A 400-meter-wide asteroid harmlessly zipped past Earth early on Wednesday, closer to our planet than the Moon’s orbit.
The “space rock” named 2005 YU55 approached our planet at a distance of 325,000 kilometers (about 202,000 miles), or within 0.85 lunar distances of the Earth, at 3.28 a.m. Moscow time (23:28 GMT on Tuesday), moving at a speed of 13.7 km/sec.
Scientists around the globe have been monitoring the approach of the 2005 YU55 on and off ever since the asteroid has been discovered by Robert McMillan form the University of Arizona six years ago.
2005 YU55 has never been classified as a real threat to Earth but rather as an opportunity for astronomers to study the asteroid in its closest flyby of our planet in 200 years.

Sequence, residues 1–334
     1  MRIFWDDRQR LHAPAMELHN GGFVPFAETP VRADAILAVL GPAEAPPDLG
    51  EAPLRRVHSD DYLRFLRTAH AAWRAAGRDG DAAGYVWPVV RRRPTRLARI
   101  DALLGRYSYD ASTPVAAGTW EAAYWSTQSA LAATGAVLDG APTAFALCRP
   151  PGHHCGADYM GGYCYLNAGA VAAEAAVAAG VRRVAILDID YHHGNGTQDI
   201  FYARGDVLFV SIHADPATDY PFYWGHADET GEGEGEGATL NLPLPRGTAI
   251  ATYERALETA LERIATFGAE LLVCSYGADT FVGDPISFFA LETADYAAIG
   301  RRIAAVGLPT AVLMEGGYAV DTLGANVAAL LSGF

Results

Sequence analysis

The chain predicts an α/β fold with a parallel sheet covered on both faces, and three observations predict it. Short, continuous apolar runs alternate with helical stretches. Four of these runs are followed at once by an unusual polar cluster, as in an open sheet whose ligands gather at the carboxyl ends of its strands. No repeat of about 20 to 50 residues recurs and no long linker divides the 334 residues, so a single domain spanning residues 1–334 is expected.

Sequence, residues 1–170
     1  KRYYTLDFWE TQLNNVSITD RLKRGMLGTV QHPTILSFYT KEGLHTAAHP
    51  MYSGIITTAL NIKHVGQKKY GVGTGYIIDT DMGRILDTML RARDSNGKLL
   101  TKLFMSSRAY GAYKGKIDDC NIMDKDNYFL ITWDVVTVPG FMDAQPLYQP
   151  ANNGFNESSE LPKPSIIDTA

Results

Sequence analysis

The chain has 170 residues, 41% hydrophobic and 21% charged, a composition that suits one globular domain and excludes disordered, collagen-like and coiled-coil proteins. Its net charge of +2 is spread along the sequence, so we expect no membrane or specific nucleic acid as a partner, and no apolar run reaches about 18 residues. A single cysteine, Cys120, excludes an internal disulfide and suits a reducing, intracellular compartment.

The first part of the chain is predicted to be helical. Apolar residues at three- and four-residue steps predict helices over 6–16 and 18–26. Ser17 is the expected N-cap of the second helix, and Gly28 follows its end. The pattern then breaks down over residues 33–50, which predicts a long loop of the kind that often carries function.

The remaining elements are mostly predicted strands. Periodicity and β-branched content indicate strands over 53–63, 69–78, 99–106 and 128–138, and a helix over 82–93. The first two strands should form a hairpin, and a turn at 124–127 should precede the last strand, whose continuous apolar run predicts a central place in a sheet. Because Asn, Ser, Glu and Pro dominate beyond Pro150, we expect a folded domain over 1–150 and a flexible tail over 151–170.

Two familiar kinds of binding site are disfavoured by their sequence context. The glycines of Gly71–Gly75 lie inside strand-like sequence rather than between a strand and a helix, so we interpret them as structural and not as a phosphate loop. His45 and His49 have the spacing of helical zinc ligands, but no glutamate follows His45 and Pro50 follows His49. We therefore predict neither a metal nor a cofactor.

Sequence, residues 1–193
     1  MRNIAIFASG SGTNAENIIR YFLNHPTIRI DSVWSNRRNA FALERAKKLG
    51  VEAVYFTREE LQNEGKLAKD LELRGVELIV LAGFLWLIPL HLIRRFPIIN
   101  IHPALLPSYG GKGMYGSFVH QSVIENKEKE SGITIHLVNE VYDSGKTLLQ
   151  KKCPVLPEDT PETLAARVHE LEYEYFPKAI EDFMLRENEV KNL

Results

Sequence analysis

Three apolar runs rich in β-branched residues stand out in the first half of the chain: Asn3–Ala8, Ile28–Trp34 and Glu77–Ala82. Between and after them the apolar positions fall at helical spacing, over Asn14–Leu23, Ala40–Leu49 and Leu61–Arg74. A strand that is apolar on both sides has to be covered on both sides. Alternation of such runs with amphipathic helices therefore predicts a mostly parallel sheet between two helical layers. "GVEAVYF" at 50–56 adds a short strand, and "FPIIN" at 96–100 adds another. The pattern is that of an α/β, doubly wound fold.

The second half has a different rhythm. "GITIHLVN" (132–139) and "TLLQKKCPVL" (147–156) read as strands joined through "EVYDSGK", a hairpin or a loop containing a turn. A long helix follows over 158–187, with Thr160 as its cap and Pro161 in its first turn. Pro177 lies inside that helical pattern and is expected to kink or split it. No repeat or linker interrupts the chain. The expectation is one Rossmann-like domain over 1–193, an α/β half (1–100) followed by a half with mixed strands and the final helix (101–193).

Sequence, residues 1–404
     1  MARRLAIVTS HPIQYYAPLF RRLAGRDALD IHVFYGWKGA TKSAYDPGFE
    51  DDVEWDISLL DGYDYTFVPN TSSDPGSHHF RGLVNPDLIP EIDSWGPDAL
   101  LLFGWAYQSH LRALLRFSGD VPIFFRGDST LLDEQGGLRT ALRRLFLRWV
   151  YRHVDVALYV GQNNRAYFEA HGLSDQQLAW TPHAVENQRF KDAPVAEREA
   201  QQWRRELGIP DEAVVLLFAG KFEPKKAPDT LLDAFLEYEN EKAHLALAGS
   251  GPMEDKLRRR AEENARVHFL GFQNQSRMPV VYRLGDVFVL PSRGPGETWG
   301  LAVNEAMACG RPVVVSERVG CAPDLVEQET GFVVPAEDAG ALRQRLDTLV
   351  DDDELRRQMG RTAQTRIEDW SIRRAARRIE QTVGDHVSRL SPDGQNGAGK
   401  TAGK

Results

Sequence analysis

The gravitational influence of the “space visitor” had no detectable effect on Earth, including tides and tectonic plates, as NASA experts earlier predicted.
The next time a known “space rock” of a similar size will come close to Earth will be in 2028, when the 2001 WN5 asteroid flies by Earth at a distance of 248,000 km (154,000 miles).